An event to connect people experiencing homelessness to mentors and services packed an extra punch this year

Project Homeless Connect Denver served 144 veterans on Thursday.
4 min. read
From left to right, Brandy Morrison of the VA health care system; Rob Bingham of the Colorado Veterans Project, Matthew Dixon-Moran of VFW Post 2461 and Khristie Barker of the VA at Project Homeless Connect Denver on Oct. 10, 2019. (Donna Bryson/Denverite)

Depressed and feeling he had failed after being medically and honorably discharged from the Air Force, Matthew Dixon-Moran ended up on the streets for a few years.

"I finally got in touch with the right people," said Dixon-Moran, who now commands Veterans of Foreign Wars Post 2461. "It just takes talking to that one person that can make a difference."

On Thursday he was hoping to be that person for someone experiencing homelessness. His South Denver VFW post had teamed up with the Denver Veterans Affairs hospital and the nonprofit Colorado Veterans Project for the first "homeless veterans stand down" -- an event where unhoused vets can get linked to services, food and supplies -- to be held in conjunction with the annual Project Homeless Connect Denver.

For decades, annual stand downs at the National Guard Armory in north Denver have brought together the VA and other agencies to support veterans experiencing homelessness. The stand down is usually held within weeks of Project Homeless Connect Denver, which takes place at the Colorado Convention Center in downtown Denver and since 2006 has provided a range of services for all who may be experiencing homelessness.

Chris Conner, director of the city agency Denver's Road Home that coordinates homelessness services, said the idea of holding the stand down and his project together first came up a few years ago when they were by chance scheduled on the same day. Conner said converging the events should make it easier for veterans to connect with services, and for service providers who might have found it a stretch to contribute to both. He said he hoped the partnership would continue.

Khristie Barker, a public affairs and community outreach specialist for VA health care systems in eastern Colorado, also was looking to the future.

"What we're trying to do this year is figure out how we can do better next year," she said.

By the end of the day, 1,570 had visited the convention center for the event, and among them 144 veterans were served, organizers said.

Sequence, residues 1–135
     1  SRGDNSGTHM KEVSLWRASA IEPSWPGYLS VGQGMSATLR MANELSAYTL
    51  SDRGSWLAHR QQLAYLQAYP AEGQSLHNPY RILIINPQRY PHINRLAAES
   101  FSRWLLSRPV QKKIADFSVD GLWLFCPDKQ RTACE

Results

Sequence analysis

Officials from the VA and other agencies offered connections to housing, mental health and help navigating military benefits at Project Homeless Connect Denver on Oct. 10, 2019. (Donna Bryson/Denverite)

Rob Bingham, executive director and founder of the Colorado Veterans Project, said holding the events at the same time saves money for organizers of both and brings the veterans under a comprehensive umbrella. Project Homeless Connect Denver has a roster of providers that includes employers conducting job interviews; nonprofits offering pet care; city and state agencies providing housing; professional organizations donating eye exams and glasses. Officials from the VA and other agencies offered connections to housing, mental health and help navigating military benefits at tables in the stand-down area.

Project Homeless Connect Denver's signature service may be one-on-one mentoring. Volunteer mentors in yellow T-shirts were there for everyone Thursday. A volunteer is paired with one person who came to the convention center seeking help. The mentors, who can offer advice or just a friendly ear to participants, went from table to table in the general area and in a space the size of a tennis court roped off for veterans.

The VA's Barker was struck by the "sea of yellow" she saw at the volunteer check-in desks Thursday morning. She heard a cheer from the volunteers when an announcement was made about the stand down area.

"That gave me a little bit of a goosebump," she said.

Dixon-Moran was sitting at a table in the stand-down area when he met a veteran who was behind on his rent and had recently received an eviction notice. It was the kind of emergency Dixon-Moran had had in mind when, in preparation for Project Homeless Connect, he had applied for a grant from the state's Veterans Trust Fund. The VFW commander set to work arranging to use some of the grant to help the veteran, who had five children.

"Hopefully we can get him set up for success and help him to stay in their home,"Dixon-Moran said. "I don't want to see anybody on the streets. I've been there."

Dixon-Moran, who left the Air Force in 1999 after 12 years, said his own life was back on track. He and his husband have two young children. Dixon-Moran, a Housing and Urban Development auditor, has led VFW Post 2461 for the last two years.

Correction: The last name of the commander of Veterans of Foreign Wars Post 2461 was incorrect in the original version of this story. He is Matthew Dixon-Moran.

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